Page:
Table of Contents
In this section, we show how to use the basic version control system functionality using Cervisia to checkout modules from the repository and work with them. To do that, you must have access to the repository as a client, meaning that someone (probably the administrator of the CVS repository) gave you an account on the server machine. Alternatively, you can easily create a local repository for your own project.
If you plan to develop a complex project, it is a good idea to use the CVS features, even if you are the only developer. You can make all changes in the working copy, and use Cervisia (or any other CVS tool) to update and commit. This way, you will gain the ability to track changes that caused bugs, revert changes, avoid accidental loss of information, etc. Using Cervisia, it is simple to create a local repository.
Procedure 2.1. Creating a Local Repository
Open the Create New Repository (cvs init) dialog by choosing → .
Press the ... button to select the folder where you want to create the repository, or enter its location in the text box. For instance, if you want to place the repository in the
/home/userfolder, and to name it
cvsroot, you should type
/home/user/cvsrootin the text box, or select the
/home/userfolder using the file picker, and add
Confirm by pressing the button. Cervisia will create and initialize the new repository folder.
Now you can import your current work to the repository, or simply create a folder in the repository to start a new module from scratch.
Cervisia offers an integrated front-end to manage all your repository locations, the Configure Access to Repositories dialog. To display it, select the → menu item.
There are several methods to access a CVS repository. It may be reached via password authentication (:pserver:), secure shell (using :ext:), local repository (:local:), etc. The format for the repository location is (optional items appear between square brackets):
Not all these items (user, password, hostname, port) are always necessary to access the repository. The required information depends on the access method used, which can be categorized as follows:
The local access method is the default method used by CVS. Therefore, it is optional to add the :local: method to the repository location: you can enter simply the path to the folder which stores the CVS repository, and is accessible from your computer, like
/path/to/repositoryor to give a real life example,
It may physically be on a disk which is mounted via NFS, but this is an irrelevant detail. If you created a local repository, the location will be simple the path to it.
The repository location is something like
This method requires that you have a user account on the server machine (in this example,
host.url.org) and use a remote shell for communication. By default, CVS uses rsh for this purpose; however, rsh has long considered to be insecure, and is widely replaced by ssh.
If you wish to use ssh, you must set the environment variable $
CVS_RSHto ssh when using the cvs client. Cervisia supports this easily.
Note that Cervisia cannot answer possible password requests from the server machine. You must make sure that a remote login works without requiring you to enter the password. With plain vanilla rsh, this can be achieved for example by creating a
.rhostsfile in your home folder with a list of trusted hosts (see the rsh manpage).
With ssh, it can be achieved by copying your public key located in the file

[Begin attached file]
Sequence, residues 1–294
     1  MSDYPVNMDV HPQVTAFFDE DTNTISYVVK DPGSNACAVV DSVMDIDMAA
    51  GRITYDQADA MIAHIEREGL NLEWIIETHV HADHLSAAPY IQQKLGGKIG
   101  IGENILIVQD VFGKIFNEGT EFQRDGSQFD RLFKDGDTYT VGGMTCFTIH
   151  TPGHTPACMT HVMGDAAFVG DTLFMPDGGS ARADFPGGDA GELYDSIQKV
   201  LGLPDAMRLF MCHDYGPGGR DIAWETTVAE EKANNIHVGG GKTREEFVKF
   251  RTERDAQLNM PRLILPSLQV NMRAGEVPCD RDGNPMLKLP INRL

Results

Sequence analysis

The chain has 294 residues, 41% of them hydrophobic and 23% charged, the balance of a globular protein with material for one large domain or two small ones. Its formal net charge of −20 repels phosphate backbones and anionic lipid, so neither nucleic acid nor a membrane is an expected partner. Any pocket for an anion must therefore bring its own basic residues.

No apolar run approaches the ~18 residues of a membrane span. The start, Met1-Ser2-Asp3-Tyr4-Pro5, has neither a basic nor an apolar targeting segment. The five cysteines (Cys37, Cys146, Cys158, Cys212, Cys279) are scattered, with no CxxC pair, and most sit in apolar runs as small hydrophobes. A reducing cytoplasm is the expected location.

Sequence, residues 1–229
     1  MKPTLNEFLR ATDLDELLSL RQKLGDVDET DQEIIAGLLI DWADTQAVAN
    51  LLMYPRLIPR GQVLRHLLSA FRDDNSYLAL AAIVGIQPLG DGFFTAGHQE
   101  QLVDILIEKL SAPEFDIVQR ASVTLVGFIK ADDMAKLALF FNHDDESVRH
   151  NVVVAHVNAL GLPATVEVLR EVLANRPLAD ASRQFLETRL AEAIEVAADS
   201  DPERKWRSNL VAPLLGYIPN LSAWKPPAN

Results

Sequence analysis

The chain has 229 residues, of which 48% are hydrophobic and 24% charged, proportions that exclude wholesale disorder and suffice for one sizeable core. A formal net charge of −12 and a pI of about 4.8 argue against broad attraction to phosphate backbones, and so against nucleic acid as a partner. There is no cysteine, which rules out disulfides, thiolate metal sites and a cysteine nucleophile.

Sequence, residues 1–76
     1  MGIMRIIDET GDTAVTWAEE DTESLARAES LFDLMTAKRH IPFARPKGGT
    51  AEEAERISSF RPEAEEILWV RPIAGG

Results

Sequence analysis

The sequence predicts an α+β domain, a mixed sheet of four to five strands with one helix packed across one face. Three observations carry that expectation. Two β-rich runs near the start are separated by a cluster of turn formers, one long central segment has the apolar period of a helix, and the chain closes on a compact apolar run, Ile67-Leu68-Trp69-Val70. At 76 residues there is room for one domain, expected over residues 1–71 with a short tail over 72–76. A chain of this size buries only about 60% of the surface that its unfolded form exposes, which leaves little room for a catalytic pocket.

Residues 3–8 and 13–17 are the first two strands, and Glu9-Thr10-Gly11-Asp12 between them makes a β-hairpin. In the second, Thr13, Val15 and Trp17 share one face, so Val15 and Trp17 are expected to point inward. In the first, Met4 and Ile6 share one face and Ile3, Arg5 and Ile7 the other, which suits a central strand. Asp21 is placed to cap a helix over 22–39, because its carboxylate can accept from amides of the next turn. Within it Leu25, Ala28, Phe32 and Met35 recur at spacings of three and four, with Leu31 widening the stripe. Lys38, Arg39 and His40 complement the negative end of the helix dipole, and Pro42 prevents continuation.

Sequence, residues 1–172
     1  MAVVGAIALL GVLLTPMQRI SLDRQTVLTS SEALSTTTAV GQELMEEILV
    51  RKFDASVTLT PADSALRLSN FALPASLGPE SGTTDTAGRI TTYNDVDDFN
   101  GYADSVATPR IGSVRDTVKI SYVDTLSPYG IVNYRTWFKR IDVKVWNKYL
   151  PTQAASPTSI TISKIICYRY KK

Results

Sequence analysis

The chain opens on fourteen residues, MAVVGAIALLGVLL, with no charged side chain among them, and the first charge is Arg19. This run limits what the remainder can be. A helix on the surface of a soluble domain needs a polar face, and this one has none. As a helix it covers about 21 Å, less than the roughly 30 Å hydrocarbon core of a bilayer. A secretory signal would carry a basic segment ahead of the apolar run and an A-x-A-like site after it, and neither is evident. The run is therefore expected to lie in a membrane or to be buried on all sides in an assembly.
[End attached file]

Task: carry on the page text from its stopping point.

identity.pub, located in the
$folder to the server. In this case, the key must not be encrypted with a passphrase (see the ssh manpage and the CVS/SSH FAQ on SourceForge). If you are unsure about these issues, ask your system administrator.
The repository location looks like
This method accesses the server via a special protocol with a relatively weak authentication (
pserverstands for password authentication). Before you can use such a server, you need a username and password given by the CVS server administrator, and you have to login. Note that your CVS password authentication username does not necessarily match the system's username. Before accessing the CVS server, you will need to login.
Open-source projects typically offer Anonymous CVS access to their sources. This means you can easily grab the latest sources, modify, and create patches (differences) against the repository without asking for a CVS account. As a general rule, Anonymous CVS uses password authentication (:pserver:), and is a read-only repository, not allowing you to upload your changes directly.
Knowing the access method and location to the repository, you can add it to Cervisia's repositories list:
Procedure 2.2. Adding a New Repository
Open the Configure Access to Repositories dialog by choosing the → menu item.
Press the Add... button to open the Add Repository dialog.
Enter the repository location in the Repository: text box. Cervisia will automatically disable the areas of the dialog that are not relevant to the access method you entered.
If you are using the ext method to access the repository, enter the remote shell you wish to use (e.g. ssh) in the Use remote shell (only for :ext: repositories): text box.
Press . You will see the repository you just entered on the repositories list.
If the access method to the repository you just entered is password authentication (pserver), you will need to login before connecting the server. Click the repository on the list to select it, and press the Login... button. Enter your password in the upcoming dialog.
If you successfully enter your password, the Status column entry of the pserver repository will change from Not logged in to Logged in.
Press to apply your modifications, or add another location to the list. Cervisia will store as many locations as you like.